Speaking across the generations can be challenging to say the least. At 18, I found most over 40s clueless, condescending and often downright rude. Having just passed 60, I am beginning to notice for the first time that most under 40s are…
Well, let’s not perpetuate the mirage. I saw this meme today you see, about trying to explain to the parents that the under 40s are feeling pretty bad…
Like most of the people I know of my age, I feel deeply worried about what the up-coming generations are going through. Have you noticed how many grey heads there are amongst the socialist and environmentalist activists? You’d have to look on zoom now – marches and camps sadly are… Anyway – we do that because we’re deeply worried about what up-coming generations are going through, and how on earth their children…
Trouble is, many of them seem to be judging us because we haven’t given up and sometimes, we even have the audacity to be cheerful, and make like victory is in sight.
That’s the spirit…
Okay yes, there are some people who have no patience, no staying power – look at the numbers who gave up on the Corbyn thing when we lost the election – but you know, lots didn’t. They’re still looking for a way.
Okay yes, there are some people who don’t realise the gravity of the environmental situation, the austerity situation, or even the virus situation – though I should think the queues of ambulances and hearing of the deaths of actual friends and acquaintances must be catching up with most of them by now – but there are also masses of people – unimaginable numbers of people – who in their own way, know we are hanging by a thread, know the chances of the generation after next are a million to one – but who are still seeking answers, and still have an annoying habit of being cheerful sometimes.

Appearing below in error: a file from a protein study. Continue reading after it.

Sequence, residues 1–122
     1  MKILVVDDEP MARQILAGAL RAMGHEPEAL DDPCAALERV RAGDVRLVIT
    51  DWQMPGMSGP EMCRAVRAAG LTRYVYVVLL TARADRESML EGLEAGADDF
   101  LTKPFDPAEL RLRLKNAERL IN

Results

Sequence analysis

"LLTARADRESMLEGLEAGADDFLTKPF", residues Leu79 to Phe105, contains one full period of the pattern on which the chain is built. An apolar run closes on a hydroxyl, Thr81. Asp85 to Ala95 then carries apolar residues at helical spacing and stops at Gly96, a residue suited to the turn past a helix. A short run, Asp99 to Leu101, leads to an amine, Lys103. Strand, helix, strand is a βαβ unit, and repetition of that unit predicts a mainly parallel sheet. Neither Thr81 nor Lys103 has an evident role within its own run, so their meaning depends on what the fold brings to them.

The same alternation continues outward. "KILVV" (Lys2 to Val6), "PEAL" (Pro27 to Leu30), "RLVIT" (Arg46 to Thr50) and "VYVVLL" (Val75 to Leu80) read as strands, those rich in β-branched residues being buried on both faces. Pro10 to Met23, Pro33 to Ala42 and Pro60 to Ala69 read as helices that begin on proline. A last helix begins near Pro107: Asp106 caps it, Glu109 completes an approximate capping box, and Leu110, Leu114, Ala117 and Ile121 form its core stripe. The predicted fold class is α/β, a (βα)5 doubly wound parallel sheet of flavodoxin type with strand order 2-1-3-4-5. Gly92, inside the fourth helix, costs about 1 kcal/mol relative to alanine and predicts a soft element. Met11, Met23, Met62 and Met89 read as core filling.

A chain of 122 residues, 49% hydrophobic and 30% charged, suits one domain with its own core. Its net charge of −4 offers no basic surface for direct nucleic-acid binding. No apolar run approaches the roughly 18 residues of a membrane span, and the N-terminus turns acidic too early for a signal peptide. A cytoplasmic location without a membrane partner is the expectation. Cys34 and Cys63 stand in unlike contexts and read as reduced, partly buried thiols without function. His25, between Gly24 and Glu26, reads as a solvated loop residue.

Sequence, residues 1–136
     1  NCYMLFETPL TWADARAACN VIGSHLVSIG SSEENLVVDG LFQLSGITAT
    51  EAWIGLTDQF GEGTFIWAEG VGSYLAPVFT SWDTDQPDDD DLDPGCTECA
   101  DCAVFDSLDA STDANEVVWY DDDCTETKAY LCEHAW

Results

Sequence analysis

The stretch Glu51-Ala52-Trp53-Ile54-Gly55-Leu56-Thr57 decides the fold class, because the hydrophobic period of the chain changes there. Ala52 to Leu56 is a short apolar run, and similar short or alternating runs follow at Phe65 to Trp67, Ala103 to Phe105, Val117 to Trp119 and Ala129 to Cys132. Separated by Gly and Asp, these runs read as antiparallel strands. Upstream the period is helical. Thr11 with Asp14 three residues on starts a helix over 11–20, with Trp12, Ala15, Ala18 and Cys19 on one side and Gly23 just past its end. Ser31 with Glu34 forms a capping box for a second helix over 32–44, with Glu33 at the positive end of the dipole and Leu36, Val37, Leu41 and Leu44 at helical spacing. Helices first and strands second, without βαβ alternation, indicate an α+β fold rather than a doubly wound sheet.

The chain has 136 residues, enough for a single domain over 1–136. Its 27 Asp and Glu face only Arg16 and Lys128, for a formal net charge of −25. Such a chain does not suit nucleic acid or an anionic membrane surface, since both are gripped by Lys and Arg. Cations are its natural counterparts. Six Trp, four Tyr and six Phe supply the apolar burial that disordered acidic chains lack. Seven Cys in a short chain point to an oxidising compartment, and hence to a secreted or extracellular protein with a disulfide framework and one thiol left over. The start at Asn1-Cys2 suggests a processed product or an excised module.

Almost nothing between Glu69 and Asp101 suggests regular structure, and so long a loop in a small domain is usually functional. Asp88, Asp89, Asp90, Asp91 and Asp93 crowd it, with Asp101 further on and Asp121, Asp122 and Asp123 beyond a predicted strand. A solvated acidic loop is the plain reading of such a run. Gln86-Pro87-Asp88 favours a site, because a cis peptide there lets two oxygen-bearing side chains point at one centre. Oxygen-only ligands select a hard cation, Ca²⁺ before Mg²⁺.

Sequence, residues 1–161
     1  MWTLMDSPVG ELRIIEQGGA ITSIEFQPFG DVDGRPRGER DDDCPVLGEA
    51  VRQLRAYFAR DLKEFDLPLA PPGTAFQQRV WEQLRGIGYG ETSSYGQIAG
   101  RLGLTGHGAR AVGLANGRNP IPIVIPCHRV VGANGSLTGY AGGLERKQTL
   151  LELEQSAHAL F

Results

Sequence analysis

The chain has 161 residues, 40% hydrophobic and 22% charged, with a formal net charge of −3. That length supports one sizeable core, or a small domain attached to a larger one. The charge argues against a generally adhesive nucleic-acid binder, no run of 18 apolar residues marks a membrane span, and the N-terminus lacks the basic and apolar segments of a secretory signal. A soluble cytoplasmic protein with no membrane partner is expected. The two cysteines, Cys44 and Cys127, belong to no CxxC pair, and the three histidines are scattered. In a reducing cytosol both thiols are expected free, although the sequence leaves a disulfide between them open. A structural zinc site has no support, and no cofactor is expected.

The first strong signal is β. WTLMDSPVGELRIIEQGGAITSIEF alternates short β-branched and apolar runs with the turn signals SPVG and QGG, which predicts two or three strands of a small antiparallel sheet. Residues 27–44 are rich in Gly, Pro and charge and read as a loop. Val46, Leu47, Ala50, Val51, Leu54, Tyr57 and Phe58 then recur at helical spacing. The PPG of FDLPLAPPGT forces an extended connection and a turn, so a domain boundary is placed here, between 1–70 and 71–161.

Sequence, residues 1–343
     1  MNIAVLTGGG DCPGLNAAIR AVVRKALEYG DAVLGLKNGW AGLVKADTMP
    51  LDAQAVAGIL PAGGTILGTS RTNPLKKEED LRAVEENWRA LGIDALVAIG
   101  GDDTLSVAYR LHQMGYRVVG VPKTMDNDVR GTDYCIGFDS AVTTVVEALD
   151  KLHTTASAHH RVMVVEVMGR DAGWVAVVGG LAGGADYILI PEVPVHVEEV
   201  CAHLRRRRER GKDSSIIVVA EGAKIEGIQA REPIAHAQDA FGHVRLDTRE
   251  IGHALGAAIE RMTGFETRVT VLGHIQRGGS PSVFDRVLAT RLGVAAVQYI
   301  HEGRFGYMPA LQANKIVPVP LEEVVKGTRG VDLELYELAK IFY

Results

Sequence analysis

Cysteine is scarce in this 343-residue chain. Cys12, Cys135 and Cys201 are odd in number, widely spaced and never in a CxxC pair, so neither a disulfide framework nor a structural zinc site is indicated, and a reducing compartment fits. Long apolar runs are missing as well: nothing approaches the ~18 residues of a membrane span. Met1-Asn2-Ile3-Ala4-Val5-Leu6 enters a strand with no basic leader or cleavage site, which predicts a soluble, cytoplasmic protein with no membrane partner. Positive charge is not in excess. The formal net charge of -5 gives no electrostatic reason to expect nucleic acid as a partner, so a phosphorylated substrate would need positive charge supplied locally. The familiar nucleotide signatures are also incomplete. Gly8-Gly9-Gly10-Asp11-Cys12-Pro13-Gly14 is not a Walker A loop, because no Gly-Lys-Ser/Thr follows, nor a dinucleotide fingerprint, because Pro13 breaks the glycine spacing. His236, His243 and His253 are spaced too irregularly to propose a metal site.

Thank the gods! Thank the extraordinary human spirit and its ever-seeking survival skills!
A million to one chance
The point is, we knew. My generation lived through the Cold War Era. We saw the nuclear attack drills, and we saw what a hopeless, helpless fudge they were. We saw the mad, mad, impossible over-kill of the nuclear weapons build up – we thought it pretty unlikely we’d survive to our 30s, let alone old age.
We’d read the Silent Spring. We knew about leper ships. We engaged. Many of us. Millions of us. And we’re engaged still and we’re sometimes cheerful still because you see, if that million to one chance comes up, it won’t just drop a happy ending in our laps – it’ll be a chink of light. Yes, imagine, you’re 50 metres under and that chink of light is impossibly small, impossibly far-off. If you are going to make anything of it, you’ll need a horde of lively minds, able bodies and yes – cheerful people – to fight your way through.
We knew. We don’t give up. We have cheerful days. Don’t knock it.
The Struggle goes on. Don’t knock it. Notice the good things that happen. Good things happened even in the trenches you know. Be a shame to miss ’em, just in case we don’t come through.
I think I’ll dedicate this to Mick Brooks, one of the 80 000 + who died too soon. A life dedicated to The Struggle.